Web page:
In a genuinely post-Civil-War nation, Dennis Draughon’s cartoon wouldn’t be particularly relevant, as we await details of Donald Trump’s indictments and the reaction thereto.
But we are currently involved in a Civil War, which makes the removal of Confederate leaders’ names from US military bases relevant overall, and particularly so in the case of General Braxton Bragg, since, aside from the fact that he was a traitor, he wasn’t a very good one.
There was no logical reason to name a base after Braxton Bragg in 1918 except that he was among the Lost Cause heroes we chose to honor at a point when the Klan was resurgent and history books were being rewritten in their favor.
It was, you might say, a way to bragg despite their defeat.
Which comes to mind as we look towards the reaction to Trump’s indictments and likely convictions. While progressives have been whining over Merrick Garland’s slow process, there’s a real benefit in Jack Smith’s waiting to get the i’s dotted and the t’s crossed.
The Internet has been full of memes of police cars slow-chasing Trump in a golf cart, just as police slow-chased OJ Simpson, but it should be remembered that OJ got off because of a hasty prosecution and a clever defense team.
It may not be the model you want to invoke, unless you’re hoping for a similar outcome.
And, certainly, a good number of people are.
It resurrects the question of how many of OJ’s supporters honestly believed that he was innocent and how many just wanted to stick it to The Man.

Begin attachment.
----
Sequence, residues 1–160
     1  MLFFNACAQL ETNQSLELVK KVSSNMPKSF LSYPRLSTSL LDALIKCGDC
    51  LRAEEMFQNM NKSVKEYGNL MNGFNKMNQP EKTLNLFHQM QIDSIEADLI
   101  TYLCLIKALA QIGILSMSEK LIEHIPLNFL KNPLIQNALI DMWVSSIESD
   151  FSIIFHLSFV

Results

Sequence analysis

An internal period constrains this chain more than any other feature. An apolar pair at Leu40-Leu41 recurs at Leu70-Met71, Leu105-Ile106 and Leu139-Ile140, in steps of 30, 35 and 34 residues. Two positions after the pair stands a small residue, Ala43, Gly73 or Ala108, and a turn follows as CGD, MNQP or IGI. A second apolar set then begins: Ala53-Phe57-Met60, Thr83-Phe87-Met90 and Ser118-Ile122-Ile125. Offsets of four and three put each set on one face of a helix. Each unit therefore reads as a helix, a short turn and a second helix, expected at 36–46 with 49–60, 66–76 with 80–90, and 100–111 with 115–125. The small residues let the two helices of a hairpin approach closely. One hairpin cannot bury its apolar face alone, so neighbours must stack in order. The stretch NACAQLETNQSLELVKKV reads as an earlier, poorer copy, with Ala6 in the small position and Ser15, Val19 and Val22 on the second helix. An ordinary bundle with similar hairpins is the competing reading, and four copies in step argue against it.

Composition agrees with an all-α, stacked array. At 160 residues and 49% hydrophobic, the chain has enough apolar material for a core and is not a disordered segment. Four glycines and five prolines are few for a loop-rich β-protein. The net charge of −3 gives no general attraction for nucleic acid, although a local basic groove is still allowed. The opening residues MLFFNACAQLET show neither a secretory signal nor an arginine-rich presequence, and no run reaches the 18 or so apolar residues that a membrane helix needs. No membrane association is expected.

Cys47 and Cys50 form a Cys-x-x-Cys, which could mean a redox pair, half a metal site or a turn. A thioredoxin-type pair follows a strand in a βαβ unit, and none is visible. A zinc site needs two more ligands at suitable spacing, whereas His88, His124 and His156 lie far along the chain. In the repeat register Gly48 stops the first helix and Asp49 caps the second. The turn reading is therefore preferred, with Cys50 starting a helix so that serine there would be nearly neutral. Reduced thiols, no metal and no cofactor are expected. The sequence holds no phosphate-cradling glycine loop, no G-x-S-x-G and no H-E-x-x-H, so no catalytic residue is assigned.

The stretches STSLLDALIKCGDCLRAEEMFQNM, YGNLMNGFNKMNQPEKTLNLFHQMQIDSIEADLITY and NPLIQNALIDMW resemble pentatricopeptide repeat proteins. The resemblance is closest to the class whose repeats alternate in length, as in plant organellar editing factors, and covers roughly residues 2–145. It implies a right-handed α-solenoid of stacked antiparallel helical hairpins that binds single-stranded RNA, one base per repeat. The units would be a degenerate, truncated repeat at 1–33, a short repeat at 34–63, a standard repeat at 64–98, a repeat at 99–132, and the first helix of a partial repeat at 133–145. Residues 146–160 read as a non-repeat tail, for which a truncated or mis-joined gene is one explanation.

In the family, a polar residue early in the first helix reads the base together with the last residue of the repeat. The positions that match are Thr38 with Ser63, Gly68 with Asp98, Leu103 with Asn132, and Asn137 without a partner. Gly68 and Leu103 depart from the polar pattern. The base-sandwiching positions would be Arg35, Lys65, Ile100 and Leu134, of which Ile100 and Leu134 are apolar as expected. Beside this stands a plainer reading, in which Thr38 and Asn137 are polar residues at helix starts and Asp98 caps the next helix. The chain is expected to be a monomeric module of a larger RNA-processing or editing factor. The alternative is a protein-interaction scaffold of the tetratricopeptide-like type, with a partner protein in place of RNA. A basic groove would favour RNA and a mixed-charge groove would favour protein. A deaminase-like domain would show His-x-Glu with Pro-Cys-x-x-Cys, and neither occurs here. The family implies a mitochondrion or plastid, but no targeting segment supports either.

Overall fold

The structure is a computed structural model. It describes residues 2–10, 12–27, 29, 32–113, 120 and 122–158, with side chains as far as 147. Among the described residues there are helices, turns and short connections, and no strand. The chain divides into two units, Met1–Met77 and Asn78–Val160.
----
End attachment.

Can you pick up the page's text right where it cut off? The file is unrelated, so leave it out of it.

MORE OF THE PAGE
The rightwing media is already exploding with paranoid accusations of a plot against conservatives, and Oliver Darcy has a substantial collection of links on the topic at Reliable Sources. Here’s part of his take on it all:
So while we wait for the cartoonists to catch up, here’s an irrelevant but relevant
Juxtaposition of the Day
Ramirez has the Statue of Liberty wear a gas mask to concede the health issue, which not all conservatives do. But his blaming of Canadian forest management is, as the lawyers say, a “fact not in evidence,” the mitigating factor being that the comments at GoComics are full of mockery about rakes as a practical method of preventing wildfires.
Bok, meanwhile, takes on the climate change aspect, which is also receiving strong denial in rightwing circles, mocking those who attempt to reach net carbon goals.
His theory that efforts to cut carbon emissions make no difference because there are accidental events does make somebody look ridiculous, but I’m not convinced it’s the people who embrace the actual science.
Meanwhile, Lisa Benson (Counterpoint) points out that Tucker Carlson has launched a Twitter podcast, which is true, but she suggests he had ratings that would make Rupert Murdoch jealous, which isn’t true, since as Oliver Darcy points out, TV ratings and on-line clicks simply aren’t the same thing.
And Murdoch isn’t particularly baffled by all this anyway: Fox is already planning to sue Carlson for violating his non-compete contract, which is apparently well-drawn enough to include barring him from doing what he’s doing.